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Photo: Bloomberg
Photo: Bloomberg

How long before virus hits cash reserves?

The covid-19 shock could fast deplete cash holdings of an average firm, a new study on firms listed across the world shows

MUMBAI : Amid talk of a coronavirus-induced recession, businesses globally are facing liquidity and cash-flow problems. The shutdown of economic activity has led companies to slash dividends and layoff employees. New research in the Journal of Accounting and Public Policy suggests that an average firm’s cash holdings would last no longer than two years in the current crisis.

In the study, researchers Antonio De Vito and Juan-Pedro Gómez evaluate the stress caused by covid-19 on 14,245 listed non-financial companies across 25 Organization for Economic Co-operation and Development (OECD) countries and China. The authors test the impact of a 50% drop and a 75% drop in sales on three liquidity ratios: The cash-burn rate (which measures whether a firm has enough cash to sustain current operations), cash-to-current liabilities (a measure of short-term liquidity), and cash-to-total debt (a measure of long-term liquidity, indicating a firm’s ability to meet long-term debt obligations).

Using Compustat Global’s firm-level accounting data for 2018, the study finds an average firm’s cash holding to sustain operations for close to five years if it were functioning at full potential.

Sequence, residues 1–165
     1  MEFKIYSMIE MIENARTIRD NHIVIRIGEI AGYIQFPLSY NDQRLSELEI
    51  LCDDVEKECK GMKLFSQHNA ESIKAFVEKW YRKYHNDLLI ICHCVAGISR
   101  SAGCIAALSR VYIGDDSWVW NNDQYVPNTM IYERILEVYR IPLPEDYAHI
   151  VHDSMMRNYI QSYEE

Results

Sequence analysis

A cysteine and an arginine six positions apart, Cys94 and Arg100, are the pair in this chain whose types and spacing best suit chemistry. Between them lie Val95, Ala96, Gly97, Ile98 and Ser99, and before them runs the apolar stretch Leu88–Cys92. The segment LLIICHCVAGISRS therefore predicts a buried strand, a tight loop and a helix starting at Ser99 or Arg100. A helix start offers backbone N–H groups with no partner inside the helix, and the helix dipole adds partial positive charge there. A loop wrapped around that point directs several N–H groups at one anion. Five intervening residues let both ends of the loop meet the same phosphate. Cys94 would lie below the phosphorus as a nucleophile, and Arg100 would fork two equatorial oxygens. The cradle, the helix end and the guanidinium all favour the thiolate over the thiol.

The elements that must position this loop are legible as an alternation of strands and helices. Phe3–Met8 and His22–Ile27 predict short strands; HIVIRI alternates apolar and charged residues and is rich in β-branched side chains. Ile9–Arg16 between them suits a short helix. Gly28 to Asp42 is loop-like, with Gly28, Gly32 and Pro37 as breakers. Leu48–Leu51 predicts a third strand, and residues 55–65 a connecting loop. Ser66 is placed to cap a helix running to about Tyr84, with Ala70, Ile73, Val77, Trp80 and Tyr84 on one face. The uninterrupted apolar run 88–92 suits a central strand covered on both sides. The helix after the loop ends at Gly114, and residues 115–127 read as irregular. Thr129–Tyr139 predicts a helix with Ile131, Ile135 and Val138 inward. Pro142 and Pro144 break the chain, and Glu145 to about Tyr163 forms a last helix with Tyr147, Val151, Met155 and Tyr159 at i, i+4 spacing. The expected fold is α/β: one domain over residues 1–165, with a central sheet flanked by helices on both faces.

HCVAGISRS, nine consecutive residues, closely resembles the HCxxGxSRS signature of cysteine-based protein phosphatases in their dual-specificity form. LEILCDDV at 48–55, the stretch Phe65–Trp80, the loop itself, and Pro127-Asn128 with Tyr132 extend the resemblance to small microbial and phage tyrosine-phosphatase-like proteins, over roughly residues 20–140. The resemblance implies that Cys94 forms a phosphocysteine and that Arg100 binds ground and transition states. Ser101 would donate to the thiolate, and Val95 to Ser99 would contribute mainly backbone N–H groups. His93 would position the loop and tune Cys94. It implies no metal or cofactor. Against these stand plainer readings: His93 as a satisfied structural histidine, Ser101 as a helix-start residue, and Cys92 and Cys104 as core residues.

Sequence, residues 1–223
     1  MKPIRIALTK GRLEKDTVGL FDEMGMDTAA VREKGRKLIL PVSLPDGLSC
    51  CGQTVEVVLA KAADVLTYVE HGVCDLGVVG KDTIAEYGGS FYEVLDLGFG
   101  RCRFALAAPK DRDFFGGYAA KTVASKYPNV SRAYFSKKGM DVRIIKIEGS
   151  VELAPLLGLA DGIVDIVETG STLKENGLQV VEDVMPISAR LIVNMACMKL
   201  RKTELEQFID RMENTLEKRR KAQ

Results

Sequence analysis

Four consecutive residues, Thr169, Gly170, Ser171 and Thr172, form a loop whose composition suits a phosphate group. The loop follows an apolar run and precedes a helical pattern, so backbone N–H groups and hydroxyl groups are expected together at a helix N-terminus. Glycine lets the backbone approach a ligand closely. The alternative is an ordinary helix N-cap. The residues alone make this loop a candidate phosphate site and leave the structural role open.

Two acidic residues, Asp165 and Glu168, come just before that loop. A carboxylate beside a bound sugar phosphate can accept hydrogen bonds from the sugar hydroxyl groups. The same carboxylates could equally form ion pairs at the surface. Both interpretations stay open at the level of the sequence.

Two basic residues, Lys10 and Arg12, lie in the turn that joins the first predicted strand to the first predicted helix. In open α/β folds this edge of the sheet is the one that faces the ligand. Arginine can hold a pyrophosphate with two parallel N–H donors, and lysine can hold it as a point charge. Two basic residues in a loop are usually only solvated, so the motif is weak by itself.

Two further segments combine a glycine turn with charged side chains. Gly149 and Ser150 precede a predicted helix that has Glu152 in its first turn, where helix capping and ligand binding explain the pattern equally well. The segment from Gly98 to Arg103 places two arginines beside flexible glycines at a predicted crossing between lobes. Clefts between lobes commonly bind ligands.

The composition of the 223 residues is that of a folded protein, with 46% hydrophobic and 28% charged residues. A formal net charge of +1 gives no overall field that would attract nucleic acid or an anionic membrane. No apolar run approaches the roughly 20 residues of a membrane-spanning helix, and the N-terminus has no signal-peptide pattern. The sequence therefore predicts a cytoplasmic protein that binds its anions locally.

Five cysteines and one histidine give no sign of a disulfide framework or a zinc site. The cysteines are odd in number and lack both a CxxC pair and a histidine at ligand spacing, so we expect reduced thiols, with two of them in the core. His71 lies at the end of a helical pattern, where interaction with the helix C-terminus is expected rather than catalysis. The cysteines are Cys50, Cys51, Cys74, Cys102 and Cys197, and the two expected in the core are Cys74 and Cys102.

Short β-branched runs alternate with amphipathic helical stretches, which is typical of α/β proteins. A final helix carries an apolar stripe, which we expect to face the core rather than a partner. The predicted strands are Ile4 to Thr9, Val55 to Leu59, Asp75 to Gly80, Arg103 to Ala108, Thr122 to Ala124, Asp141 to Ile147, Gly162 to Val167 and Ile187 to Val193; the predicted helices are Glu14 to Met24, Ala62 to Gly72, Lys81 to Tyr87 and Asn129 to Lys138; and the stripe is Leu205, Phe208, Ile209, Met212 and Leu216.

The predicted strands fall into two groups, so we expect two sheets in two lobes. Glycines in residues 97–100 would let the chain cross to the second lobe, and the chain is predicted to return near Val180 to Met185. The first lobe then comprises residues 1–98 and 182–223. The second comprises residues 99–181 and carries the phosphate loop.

When the firms operate with partial flexibility, cash sufficiency drops to three years in the event of sales going down by 50%, and to two years if sales decrease by 75%. In such a scenario, the authors find the cash-burn rate and cash-to-current liabilities to turn negative. This may increase non-current liabilities up to 53% as firms raise debt to avoid insolvency.

The study finds that small firms with low profitability, higher leverage ratio and lower cash holdings are at greater risk of becoming illiquid within six months.

For firms to tide over the cash-flow crisis, bridge loans within six months of the shock may be more effective than deferring taxes, the authors suggest.

Also read: Estimating the COVID-19 Cash Crunch: Global Evidence and Policy

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